Columnists, Framework, V6I5

Process and Responsibility

(Photo courtesy of Charles Deluvio on Unsplash)

Today I want to tell you the story of Randy.

He is a quintessential blue-collar American. He worked his entire career at one company and was going to retire in about two years. He was a shift supervisor when I met him.

At the time, I was the manager of a portable cabin company. In my role, I didn’t normally take client appointments, but for some reason this day I did. I think the design guy was on vacation or something like that.

Randy and his wife, Sherri, arrived early for their appointment. It was a weekday, and he had taken off work to be able to come. They had driven about four hours to the showroom and design center where I met them.

They were a very friendly couple, not overly outgoing but comfortable and down-to-earth personalities.

As we toured the cabins and discussed their needs for a living space, it quickly became apparent that there was a pretty solid budget in place for this project. Randy was the kind of guy who had played by the rules his whole life, staying on the safe side of every decision, and life had responded in kind. He had money in his 401k, but not a lot, and he had his retirement to think about in two years.

I should mention, they were buying the cabin to live in as they were empty-nesters and wanted to downsize after selling their home.

They had some very custom requirements, such as two freezers and an heirloom china cabinet that needed to fit in the cabin.

We worked on different plans for a couple of hours and nothing seemed to come together. By this time, I had heard a good portion of their life story since some of the requirements were stemming from heirlooms or past experiences.

During this time, a bit of a shift happened to me internally. I was currently designing a cabin to take a good portion of this man’s hard-earned life savings. This could very likely be his retirement home. 

Could I genuinely look this man in the eye and tell him this is the best use of his money? While they had a very defined budget, was recommending a cheaper finish or exterior truly in his best interest?

The shift that happened inside of me is I realized the great responsibility that lay, not only with the sales process but with the company in taking a chunk of his hard earned money and in return, guaranteeing the value of the cabin he would receive.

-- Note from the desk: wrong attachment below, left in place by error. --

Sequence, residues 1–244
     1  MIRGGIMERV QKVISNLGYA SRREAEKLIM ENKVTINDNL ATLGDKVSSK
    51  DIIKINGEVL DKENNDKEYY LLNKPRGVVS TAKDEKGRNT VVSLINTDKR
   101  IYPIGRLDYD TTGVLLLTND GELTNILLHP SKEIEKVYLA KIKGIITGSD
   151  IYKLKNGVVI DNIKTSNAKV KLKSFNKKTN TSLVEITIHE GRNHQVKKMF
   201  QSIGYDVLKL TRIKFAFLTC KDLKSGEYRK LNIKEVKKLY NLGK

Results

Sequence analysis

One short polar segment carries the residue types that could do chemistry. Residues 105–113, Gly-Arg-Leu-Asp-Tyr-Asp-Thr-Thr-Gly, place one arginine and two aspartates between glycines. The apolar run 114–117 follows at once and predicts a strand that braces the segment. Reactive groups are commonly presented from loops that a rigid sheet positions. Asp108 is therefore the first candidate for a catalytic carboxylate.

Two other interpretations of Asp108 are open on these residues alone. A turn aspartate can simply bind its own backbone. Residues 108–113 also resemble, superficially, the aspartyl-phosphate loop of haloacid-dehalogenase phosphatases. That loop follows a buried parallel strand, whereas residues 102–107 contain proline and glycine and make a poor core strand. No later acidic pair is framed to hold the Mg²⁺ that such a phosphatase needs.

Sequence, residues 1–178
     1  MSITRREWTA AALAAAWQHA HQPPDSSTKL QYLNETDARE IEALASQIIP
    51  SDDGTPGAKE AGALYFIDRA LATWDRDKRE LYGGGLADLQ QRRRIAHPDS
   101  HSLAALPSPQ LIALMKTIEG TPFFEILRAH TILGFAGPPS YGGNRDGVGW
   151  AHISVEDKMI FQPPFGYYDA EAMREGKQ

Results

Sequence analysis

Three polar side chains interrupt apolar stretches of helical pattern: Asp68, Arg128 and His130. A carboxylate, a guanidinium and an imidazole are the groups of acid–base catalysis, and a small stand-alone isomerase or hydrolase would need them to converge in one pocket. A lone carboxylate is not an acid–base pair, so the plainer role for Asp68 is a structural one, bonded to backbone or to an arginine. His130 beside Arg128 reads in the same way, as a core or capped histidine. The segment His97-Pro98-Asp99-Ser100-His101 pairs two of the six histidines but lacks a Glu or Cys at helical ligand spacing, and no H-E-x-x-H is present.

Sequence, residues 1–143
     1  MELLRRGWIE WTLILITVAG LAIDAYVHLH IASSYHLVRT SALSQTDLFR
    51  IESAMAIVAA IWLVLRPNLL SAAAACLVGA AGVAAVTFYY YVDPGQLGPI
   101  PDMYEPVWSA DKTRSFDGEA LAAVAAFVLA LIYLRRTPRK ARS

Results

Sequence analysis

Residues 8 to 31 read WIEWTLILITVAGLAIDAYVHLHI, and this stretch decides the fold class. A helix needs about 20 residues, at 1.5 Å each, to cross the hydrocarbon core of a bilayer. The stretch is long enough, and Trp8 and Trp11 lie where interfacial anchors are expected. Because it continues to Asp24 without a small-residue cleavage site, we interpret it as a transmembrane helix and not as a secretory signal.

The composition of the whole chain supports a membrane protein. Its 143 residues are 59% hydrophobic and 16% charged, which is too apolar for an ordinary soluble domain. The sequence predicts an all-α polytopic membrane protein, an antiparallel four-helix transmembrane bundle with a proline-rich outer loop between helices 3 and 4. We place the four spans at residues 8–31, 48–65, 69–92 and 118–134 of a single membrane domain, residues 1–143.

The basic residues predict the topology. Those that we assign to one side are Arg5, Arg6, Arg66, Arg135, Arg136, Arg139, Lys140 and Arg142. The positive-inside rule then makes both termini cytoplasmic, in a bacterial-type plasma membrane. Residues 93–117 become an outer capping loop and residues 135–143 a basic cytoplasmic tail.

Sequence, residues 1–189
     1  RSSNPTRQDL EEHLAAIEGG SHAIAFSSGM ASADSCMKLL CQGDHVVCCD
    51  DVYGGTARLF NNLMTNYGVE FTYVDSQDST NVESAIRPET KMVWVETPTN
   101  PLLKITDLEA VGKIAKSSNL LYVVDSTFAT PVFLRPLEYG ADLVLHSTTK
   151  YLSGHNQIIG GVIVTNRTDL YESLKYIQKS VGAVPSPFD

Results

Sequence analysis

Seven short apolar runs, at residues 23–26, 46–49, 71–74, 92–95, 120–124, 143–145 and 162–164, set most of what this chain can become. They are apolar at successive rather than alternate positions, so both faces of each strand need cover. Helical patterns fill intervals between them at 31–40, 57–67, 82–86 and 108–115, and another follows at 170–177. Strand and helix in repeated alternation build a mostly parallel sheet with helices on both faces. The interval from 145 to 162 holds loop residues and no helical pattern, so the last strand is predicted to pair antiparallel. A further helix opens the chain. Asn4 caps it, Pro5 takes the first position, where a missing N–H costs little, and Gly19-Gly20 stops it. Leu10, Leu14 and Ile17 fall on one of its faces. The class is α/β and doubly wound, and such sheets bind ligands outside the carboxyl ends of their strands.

I should clarify, I believed then and now that the cabins we were selling were of the highest quality. We didn’t use cheap materials and workmanship was important.

However, it is easy to get caught up in the “busyness” of running a business and start looking at customers as “the next job” and not as a person.

Back to the story: I told Randy and Sherri to go for lunch and to give me some time to design the plan. When they got back, I had drawn a completely custom plan that met all of their requirements and fit the budget. They had to sacrifice a little on length of the cabin (they had wanted 48 feet and it was 46) but everything else matched.

The look in their eyes made skipping my lunch worth it. They were so genuinely grateful that I had taken the time to listen and help them achieve what had seemed out of reach during the first part of the morning.

The cabin build process went fairly smoothly, and the next hurdle was delivery. It was a very tight location, but the delivery driver at the time was one of the best guys in the industry and he did what it took to get the cabin in.

A little over two years later, after Randy retired, they came back and bought a larger, more expensive cabin. We did a “buy-back” on their original cabin as they no longer needed it. 

When they came for their pre-delivery walk-through on their second cabin, they asked to speak to me. They said they didn’t want to take too much of my time; they just wanted to thank me again for taking the time to help them achieve their goals. And they wanted to make sure I knew the reason they were back and spending over $100,000 on a second cabin was that their first experience was perfect and all commitments were kept. 

It was a humbling moment to have this good, honest, hard-working couple thanking me for selling them a cabin.

I wanted to share this story today not to brag on myself but to spur your thinking. What do your customers feel when they are working with your company? Do they feel that you genuinely care for them or do they feel the need to stay alert, so they don’t get taken advantage of?

There’s an old saying that says “the customer is always right.” I don’t necessarily agree with that perspective, but I understand the thinking behind it. 

What I prefer is this: “the customer is always the customer.” That customer is a person, another human with his or her own set of life experiences and stories, and you owe it to them to give them the best, most honest experience possible.

In order for this to happen consistently, your entire team needs to care about their part of the process.

Until next time, Be Excellent!     

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